A Letter to Our Android-Loving Readers
January 9, 2013
Founder of RELEVANT, dad of Cohen, follower of Jesus, podcaster, design nerd, fan of the Magic and Gators. But not in that order. Connect on Twitter: www.twitter.com/cameronstrang
As many of you know, in September 2011 we totally re-imagined RELEVANT for the iPad. Since then, our readers have told us it's a pretty awesome magazine experience—what with all the integrated multimedia, interactivity and exclusive content—and its audience has grown substantially. In fact, new iPad subscriptions each week recently surpassed the level of our print subscriptions. (But don't worry. Our print edition isn't going anywhere—it's as healthy as ever.)
We chose to launch our tablet edition iPad-only because at the time it had more than 80 percent of the market. We wanted to create one edition to reach the vast majority of tablet users and see what happened, before committing to roll out other versions. Would we sell any at all? Would we be able to sustainably produce a high-quality product? Would it eventually pay for itself? We're a small independent publisher, so we have to be careful with every new venture.
Our goal is to continue to innovate and evolve what a magazine experience is, and eventually create a native RELEVANT experience on every personal media device. So when a few months ago the software we use to build our iPad magazine opened up the ability for us to create an Android magazine app too, we decided to move forward with an Android edition. And for the last month, our design and digital teams have been working hard on it. Everything was planned for our debut Android issue to launch this week (something we've been talking about on Twitter).
Unfortunately, yesterday I pulled the plug on the project.
If you've seen it, you know the bar we set for ourselves with the iPad edition, and I'm sorry to say the Android app experience we created simply is not up to snuff. It's not Android's fault—though having to develop for so many different dimensions and processors and sizes doesn't make for an ideal product. But the poor app experience was primarily due to the limitations in the development software we're bound to use. That's the risk of early adoption—the software simply isn't ready for primetime yet, and we didn't know that until we got really deep into the project.
We don't want to give paying Android readers a product that lacks the multimedia and interactive elements of our iPad edition. (Not to mention, an app that's glitchy and full of bugs.) The Android magazine experience we were able to create is simply not up to our standards or the level of experience our readers have come to expect from us. We're not going to roll out a faulty product.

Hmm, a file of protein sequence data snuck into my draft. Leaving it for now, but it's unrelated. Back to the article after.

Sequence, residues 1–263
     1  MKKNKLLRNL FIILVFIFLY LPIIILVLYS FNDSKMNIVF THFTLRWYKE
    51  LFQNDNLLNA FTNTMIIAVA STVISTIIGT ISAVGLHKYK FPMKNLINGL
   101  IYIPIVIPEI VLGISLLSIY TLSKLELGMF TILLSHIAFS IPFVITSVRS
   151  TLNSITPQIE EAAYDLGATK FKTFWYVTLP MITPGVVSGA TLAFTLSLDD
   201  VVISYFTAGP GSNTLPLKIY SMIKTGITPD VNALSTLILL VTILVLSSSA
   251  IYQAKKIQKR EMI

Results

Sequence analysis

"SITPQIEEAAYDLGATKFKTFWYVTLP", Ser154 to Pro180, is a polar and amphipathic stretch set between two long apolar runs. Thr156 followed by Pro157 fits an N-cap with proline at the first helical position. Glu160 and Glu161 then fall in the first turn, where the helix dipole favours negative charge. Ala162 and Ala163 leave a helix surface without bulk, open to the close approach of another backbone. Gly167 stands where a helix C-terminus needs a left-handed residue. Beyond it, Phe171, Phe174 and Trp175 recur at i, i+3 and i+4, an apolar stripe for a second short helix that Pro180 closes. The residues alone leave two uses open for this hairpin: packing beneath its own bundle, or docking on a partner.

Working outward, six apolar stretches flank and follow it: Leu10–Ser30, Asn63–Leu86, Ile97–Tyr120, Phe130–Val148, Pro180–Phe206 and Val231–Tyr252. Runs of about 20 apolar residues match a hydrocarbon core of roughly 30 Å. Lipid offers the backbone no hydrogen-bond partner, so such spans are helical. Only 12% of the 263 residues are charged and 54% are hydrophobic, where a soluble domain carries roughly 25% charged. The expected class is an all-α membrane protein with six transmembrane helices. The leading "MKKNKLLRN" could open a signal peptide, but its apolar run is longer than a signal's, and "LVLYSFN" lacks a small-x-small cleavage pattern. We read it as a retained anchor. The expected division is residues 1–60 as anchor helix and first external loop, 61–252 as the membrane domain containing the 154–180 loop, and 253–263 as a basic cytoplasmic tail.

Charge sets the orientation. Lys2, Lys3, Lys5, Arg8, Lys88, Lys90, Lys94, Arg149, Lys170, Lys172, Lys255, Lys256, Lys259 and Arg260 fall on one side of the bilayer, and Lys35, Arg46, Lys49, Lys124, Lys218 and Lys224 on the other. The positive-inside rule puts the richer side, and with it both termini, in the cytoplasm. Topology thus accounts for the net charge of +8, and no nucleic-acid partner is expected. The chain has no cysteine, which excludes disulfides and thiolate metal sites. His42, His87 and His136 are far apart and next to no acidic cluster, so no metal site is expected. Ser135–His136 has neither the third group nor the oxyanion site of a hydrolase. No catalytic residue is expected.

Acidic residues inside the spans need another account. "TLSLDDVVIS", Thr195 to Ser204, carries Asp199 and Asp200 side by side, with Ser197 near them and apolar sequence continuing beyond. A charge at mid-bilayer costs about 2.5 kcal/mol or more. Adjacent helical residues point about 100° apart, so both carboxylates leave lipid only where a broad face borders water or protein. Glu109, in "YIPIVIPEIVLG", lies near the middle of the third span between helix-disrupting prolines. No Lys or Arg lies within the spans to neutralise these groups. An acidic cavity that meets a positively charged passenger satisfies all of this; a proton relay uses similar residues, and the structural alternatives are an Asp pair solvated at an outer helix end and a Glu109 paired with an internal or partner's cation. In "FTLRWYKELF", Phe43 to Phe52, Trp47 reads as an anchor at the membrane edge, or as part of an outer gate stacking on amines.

Now I understand why major magazines that have amazing interactive iPad editions, like Esquire and GQ, have yet to deploy interactive Android tablet editions. (Everything I've seen is just a stripped-down digital replica of their print edition.) But Android tablets are a growing market, and a lot of companies are hard at work innovating for the platform. Because of that, I'm confident at some point this year we'll be able to deploy equal iPad and Android interactive magazine experiences. Just not yet.
In the meantime, we are working to enter the e-reader market and roll out editions of the print magazine for those newsstands. Our plan is to be in the Google Magazine, Nook and Kindle marketplaces ASAP, but all three of those platforms have to approve any new magazines, so the timing is out of our hands. (I've learned my lesson with the Android app and won't be giving any date specifics). Since these will be replications of our print magazine, not the interactive tablet edition, we will price them accordingly.
Our print magazine is $4.95, the iPad edition is $3.99, and the e-reader edition will be $2.99. We're the only magazine I know of that's setting prices like this. (Most magazines are the full print price no matter what, which makes no sense to me when there aren't any printing and shipping costs for a wow-factor multimedia edition, let alone a basic a e-reader PDF.)
I apologize for incorrectly promising a launch date for the Android tablet edition. The decision to nix it (for now) is mine alone, and while many of our vocal Twitter followers aren't going to be happy with me, I think it's going to be better in the long-run. I take full responsibility for the mistake.
Please know that the RELEVANT team and I are committed to innovation and to deploying high-quality content as widely as we sustainably can. But many factors go into making something work, and we only want to do it the right way.
If you have any questions or concerns, definitely let us know either by contacting us or posting below. We appreciate your support—and understanding!
UPDATE: Good news. I spoke to the head of our app software company late today, and while he acknowledged their Android solutions are sorely lacking right now, he assured me they are fully committed to the Android platform. So much so, they're currently rebuilding their software from the ground up. In fact, we'll be partnering with them during development this spring to make sure the software can flawlessly handle everything we want to throw at it. He expects a Q3 deployment. After that, we'll reassess everything and hopefully begin work on a financially sustainable, high quality Android product.
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